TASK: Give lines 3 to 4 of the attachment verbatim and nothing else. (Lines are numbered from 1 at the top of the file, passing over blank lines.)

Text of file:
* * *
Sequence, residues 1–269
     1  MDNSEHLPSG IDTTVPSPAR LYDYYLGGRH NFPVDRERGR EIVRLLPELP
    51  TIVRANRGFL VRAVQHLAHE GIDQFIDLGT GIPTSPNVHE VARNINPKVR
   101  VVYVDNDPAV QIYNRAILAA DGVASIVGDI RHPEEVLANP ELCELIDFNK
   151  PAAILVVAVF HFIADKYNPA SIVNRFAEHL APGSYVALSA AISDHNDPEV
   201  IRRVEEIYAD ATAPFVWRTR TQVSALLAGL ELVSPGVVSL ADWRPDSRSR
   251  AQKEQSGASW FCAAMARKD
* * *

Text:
    51  TIVRANRGFL VRAVQHLAHE GIDQFIDLGT GIPTSPNVHE VARNINPKVR
   101  VVYVDNDPAV QIYNRAILAA DGVASIVGDI RHPEEVLANP ELCELIDFNK